The Monthly Chronicle of North Country Lore and Legend July 1891.


Ben Wells, for fifty years dancing Master and fiddler to the country people of Cumberland.

Similarly over in Cumbria we find the following account describing the antics of the rural 19thC dance teacher Ben Wells:

The people of Cumberland and Westmorland, as is well known, are very fond of athletic exercises, and extra ordinary powers are still developed among them. During the long life of Wordsworth in this region, there was one man more famous among the common folks than he, namely, Ben Wells, for fifty years dancing Master and fiddler to the country people of Cumberland. Ben was the kind of man who, in primitive times, gave country folk their legends. Mr. Craig Gibson, wrote a lyric in 1869 about him, and in a note says:- "The last time I met him was about twenty years ago in the bar parlour of an inn in the Southern part of the Lake District, where the strains of the fiddle, produced at my request, caused such excitement that a general and very uproarious dance (of males only) set in, and was kept up with such energy that, the space being confined, the furniture was seriously damaged and Ben was at last ejected by the landlady , as the readiest - indeed the only - method of putting a stop to the riot. He was light muscular and springy, and in earlier years wonderfully swift of foot, so much so, that the late Dr. Johnson of Cockermouth told me that he once (at Scale Hill) saw him, without assistance, run down and capture a wild rabbit - a proof of activity rarely paralleled." The following is a verse from Mr. Gibson’s poem in the Cumberland dialect on this celebrated character:-

Ben Wells fiddle many a neet
Gev well oiled springs to t'heaviest heels,
For few cud whyet hod the'r feet
Whe Ben struck up his heartnin' reels.
Wid elbow room and rozel't weel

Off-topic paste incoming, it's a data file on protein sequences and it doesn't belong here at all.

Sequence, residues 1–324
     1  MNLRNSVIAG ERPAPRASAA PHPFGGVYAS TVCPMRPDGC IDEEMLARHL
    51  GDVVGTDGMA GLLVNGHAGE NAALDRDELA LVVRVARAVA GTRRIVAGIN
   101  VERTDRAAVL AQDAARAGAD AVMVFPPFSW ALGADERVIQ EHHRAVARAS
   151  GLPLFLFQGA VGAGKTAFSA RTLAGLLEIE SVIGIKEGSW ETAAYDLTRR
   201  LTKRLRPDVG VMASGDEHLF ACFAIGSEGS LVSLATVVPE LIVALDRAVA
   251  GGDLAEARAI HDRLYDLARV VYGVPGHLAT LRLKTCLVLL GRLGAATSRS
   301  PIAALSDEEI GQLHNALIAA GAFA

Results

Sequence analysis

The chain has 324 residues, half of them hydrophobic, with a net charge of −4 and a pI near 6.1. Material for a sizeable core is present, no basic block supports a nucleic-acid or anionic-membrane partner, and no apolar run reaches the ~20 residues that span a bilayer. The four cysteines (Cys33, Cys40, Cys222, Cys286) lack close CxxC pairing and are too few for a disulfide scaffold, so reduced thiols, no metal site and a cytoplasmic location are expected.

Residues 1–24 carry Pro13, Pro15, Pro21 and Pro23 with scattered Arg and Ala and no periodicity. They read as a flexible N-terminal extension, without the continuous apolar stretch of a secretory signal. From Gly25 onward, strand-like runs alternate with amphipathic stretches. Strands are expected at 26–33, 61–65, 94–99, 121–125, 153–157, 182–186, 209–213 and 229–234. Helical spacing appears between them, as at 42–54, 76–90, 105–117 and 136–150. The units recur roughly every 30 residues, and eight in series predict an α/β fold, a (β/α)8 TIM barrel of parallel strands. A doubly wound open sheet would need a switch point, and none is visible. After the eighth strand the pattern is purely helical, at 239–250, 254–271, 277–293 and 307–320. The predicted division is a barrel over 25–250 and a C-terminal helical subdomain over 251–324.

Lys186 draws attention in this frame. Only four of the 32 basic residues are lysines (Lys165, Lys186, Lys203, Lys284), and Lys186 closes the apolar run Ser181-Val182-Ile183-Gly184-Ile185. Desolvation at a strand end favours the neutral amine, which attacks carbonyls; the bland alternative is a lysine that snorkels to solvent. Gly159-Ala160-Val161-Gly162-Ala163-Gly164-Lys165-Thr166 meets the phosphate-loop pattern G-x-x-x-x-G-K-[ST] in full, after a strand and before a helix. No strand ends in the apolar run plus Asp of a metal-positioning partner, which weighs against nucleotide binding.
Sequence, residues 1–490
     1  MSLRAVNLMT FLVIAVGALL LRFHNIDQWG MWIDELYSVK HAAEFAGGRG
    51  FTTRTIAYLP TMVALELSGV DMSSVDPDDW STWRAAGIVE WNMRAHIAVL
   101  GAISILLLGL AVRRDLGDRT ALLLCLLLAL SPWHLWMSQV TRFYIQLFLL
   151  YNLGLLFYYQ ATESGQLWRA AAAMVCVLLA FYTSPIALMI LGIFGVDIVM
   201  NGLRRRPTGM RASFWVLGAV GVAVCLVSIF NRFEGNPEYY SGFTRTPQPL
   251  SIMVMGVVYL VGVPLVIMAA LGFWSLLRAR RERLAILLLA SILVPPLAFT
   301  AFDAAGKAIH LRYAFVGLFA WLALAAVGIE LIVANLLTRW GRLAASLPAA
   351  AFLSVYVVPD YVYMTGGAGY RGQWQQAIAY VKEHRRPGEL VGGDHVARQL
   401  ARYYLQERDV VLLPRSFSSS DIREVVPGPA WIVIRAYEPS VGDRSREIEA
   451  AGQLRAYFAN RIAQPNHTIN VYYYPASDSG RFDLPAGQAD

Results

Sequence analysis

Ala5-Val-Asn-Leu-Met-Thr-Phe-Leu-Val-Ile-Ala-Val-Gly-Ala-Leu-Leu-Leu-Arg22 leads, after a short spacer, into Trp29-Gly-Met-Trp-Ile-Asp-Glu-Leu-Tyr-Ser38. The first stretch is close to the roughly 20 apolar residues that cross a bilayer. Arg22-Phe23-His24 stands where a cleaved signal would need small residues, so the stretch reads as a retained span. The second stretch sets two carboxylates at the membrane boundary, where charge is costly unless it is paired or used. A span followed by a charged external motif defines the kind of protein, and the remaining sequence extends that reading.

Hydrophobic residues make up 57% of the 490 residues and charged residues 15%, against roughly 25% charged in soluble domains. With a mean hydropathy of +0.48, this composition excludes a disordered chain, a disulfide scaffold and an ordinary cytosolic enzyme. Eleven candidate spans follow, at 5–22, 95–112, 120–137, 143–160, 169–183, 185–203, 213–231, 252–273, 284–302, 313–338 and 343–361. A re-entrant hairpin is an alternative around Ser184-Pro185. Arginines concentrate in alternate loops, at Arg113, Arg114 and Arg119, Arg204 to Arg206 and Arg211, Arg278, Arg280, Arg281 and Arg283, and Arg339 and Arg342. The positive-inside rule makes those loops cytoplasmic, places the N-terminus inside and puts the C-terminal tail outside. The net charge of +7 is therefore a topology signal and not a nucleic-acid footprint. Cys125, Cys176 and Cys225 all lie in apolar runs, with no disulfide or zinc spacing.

Swinge! how he'd mak fwoke kev an' prance;
An' nowt cud match t'sly fiddle squeal
At signal'd kiss i't cushion dance.

The Monthly Chronicle of North Country Lore and Legend Nov 1891


It is perhaps significant to note the influence that these traveling music teachers must have had in transferring and maintaining the repertoire of traditional dance, providing new tunes and dances and ensuring the continuation of more established forms. In the case of Robert Whinham his influence as a teacher of musical literacy is without doubt and it is of no mere coincidence that his tunes and compositions are carefully noted and attributed in many of the handwritten collections of 19thC fiddlers. Indeed George Hepple, the well known Nothumbrian fiddler from Haltwhistle, recounts how Robert Whinham had been born in the 1800's and that his grandfather had been taught to step dance by him.

In this short audio clip fiddle player George Hepple, from Haltwhistle, talks about Robert Whinham and describes how his grandfather was taught to dance by him.

This short audio clip is available in Mp3 or Real Audio format.

play real audio

If you select the RealAudio option the clip will play in your RealOne Player (If you do not have RealOne Player, follow the link below to download).

play mp3

If you select the Mp3 option playback will be through Windows Media Player or any other Mp3 player that you have set as default.

Download RealOne Player
To download free RealPlayer click here.


To find out more about how FARNE audio files have been created follow this link - Audio Technical Notes.



References

  • Traditional Step-Dancing In Lakeland - J.F. & J.M. Flett (Published by the English Folk Dance and Song Society)
  • Remember Me - The Fiddle Music of Robert WhinhamGraham Dixon (Pub. Wallace Music)
  • The Monthly Chronicle of North-Country Lore and Legend: 1891(Bound Volumes - Robinson Library, Newcastle)
  • Two North Country Dancing Masters by Joan Flett(Article copied from English Dance and Song)
  • The Almost Forgotten Musical Heritage of Lake District Reels and Hornpipes by Dr S. T. Chapman(English Dance and Song October 1990)








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19th Century influences
19th Century influences
Ballroom dances

Dance Technique
Dance Technique
The Rant Step

The Dancing-Master
The Dancing-Master
learning to dance

Social dance
Social dance
traditional dancing in Northumbria